White youths are more pessimistic about their economic future than young minorities, though black and Hispanic youth are more likely to be in a worse financial position right now.
Just 12 percent of whites between the ages of 18 and 34 believe that they will be better off economically than their parents, in contrast to 31 percent of young blacks and 36 percent of young Hispanics, according to a study by Demos, a progressive advocacy organization, and Young Invincibles released on Wednesday. Fifty-five percent of young whites believe that they will be worse off than their parents, compared to 40 percent of young blacks and 36 percent of young Hispanics.
Whites may be more pessimistic about their future because they have more potential for downward mobility. The wealth gap between whites and minorities grew to its highest level in a quarter-century in 2009: whites have 20 times more wealth than blacks and 18 times more wealth than Hispanics.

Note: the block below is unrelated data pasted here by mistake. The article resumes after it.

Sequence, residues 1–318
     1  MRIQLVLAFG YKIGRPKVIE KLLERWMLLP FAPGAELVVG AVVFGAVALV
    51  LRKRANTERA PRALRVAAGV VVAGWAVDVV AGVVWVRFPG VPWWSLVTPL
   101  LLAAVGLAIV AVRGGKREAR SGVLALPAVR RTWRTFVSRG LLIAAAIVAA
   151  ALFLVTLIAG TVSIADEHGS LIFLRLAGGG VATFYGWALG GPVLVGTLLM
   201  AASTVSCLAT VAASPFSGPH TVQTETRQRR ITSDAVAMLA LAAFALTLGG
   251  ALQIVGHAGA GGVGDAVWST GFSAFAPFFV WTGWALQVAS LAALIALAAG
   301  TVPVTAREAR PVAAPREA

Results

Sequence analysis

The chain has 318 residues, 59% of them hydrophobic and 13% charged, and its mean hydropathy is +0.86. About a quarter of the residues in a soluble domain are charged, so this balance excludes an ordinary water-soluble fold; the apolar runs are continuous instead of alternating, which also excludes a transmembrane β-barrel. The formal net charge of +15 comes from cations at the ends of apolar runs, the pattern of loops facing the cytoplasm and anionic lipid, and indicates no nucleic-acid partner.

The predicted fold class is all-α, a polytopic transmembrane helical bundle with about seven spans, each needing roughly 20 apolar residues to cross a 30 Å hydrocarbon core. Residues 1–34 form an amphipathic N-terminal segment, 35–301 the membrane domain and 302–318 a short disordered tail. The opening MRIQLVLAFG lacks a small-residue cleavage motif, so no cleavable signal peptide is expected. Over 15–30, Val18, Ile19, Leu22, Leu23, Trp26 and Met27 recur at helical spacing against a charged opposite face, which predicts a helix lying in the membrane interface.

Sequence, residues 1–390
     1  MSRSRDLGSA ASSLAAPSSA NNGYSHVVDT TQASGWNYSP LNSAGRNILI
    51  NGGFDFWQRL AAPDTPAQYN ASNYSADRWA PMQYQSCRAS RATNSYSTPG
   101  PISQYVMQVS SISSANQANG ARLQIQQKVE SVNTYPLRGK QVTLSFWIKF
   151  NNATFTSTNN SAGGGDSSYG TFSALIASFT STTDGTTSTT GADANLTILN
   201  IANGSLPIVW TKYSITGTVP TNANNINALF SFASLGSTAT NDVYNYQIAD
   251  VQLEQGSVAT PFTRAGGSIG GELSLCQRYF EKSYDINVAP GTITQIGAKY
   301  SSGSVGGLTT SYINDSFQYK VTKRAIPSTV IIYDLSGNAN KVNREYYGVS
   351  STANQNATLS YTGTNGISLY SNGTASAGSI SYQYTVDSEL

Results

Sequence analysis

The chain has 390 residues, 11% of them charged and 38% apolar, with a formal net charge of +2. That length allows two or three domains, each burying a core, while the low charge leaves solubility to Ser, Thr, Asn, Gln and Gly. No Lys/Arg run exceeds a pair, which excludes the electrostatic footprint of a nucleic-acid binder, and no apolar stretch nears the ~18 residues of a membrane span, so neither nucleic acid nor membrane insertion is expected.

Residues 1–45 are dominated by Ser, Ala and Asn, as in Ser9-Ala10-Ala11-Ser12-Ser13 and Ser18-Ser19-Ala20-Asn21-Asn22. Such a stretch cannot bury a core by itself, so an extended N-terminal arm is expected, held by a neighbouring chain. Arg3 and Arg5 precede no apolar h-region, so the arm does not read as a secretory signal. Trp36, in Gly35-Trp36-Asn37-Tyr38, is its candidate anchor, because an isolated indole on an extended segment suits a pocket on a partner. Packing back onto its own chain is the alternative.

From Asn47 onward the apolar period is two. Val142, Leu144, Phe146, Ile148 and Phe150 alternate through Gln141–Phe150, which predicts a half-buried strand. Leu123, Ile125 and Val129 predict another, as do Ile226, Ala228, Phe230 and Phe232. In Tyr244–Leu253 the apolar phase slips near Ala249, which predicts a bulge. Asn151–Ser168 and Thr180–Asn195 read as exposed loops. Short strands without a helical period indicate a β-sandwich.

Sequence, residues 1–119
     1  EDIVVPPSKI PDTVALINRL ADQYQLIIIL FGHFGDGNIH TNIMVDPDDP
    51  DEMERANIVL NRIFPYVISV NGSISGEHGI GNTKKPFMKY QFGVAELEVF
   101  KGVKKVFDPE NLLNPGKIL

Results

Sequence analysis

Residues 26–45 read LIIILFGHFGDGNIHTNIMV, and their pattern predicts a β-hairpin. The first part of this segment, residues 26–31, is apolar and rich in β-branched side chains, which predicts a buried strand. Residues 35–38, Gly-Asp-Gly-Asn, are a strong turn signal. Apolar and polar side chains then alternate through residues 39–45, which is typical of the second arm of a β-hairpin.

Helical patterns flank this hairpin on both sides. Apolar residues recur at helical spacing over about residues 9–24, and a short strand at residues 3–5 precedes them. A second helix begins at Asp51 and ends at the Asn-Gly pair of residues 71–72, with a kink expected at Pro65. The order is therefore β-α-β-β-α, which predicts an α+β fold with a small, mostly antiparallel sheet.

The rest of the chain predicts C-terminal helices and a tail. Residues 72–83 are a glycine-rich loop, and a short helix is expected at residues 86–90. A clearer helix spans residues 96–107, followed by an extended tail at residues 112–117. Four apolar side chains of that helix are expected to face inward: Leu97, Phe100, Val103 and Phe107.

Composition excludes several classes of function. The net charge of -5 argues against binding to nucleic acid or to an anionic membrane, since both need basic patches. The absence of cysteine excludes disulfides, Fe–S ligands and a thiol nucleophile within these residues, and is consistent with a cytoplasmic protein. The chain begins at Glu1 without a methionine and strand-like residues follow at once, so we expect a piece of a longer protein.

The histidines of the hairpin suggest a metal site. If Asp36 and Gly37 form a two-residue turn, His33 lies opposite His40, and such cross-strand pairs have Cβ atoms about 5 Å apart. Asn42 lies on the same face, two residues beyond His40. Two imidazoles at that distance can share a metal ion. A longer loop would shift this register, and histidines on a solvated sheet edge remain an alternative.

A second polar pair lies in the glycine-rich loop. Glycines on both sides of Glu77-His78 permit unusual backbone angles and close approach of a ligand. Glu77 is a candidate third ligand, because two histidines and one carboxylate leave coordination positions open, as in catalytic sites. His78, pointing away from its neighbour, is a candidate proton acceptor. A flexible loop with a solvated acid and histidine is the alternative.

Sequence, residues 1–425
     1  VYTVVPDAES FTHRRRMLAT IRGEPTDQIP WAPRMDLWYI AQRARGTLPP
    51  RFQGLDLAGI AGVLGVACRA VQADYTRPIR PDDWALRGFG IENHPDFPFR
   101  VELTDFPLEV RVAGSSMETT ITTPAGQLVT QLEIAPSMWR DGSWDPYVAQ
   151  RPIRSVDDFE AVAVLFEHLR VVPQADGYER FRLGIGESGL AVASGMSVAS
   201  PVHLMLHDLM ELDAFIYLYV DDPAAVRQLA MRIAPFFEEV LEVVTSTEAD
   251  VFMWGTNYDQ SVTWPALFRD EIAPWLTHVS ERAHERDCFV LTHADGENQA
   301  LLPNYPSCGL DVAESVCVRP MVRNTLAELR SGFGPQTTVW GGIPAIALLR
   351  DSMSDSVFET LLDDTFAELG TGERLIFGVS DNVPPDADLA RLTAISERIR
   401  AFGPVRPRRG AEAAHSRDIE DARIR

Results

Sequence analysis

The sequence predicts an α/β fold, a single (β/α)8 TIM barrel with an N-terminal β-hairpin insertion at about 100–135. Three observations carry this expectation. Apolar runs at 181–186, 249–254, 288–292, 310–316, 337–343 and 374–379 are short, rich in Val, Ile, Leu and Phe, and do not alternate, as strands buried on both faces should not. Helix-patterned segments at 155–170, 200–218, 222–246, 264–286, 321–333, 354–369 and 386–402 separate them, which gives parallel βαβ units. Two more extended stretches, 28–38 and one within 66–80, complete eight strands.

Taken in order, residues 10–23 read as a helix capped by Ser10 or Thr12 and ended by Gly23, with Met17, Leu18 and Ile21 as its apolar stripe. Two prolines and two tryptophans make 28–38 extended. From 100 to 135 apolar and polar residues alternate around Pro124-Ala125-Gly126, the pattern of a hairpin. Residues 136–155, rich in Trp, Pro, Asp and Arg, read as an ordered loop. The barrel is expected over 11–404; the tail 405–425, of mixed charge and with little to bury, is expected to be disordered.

In spite of the pessimism of young whites, the economic downturn seems to have most hurt black and Hispanic youth, according to the Demos study. Significantly more young blacks and Hispanics have delayed decisions to live on their own, get married, and start a family, and more said it has become harder for them to pay their bills in the past four years.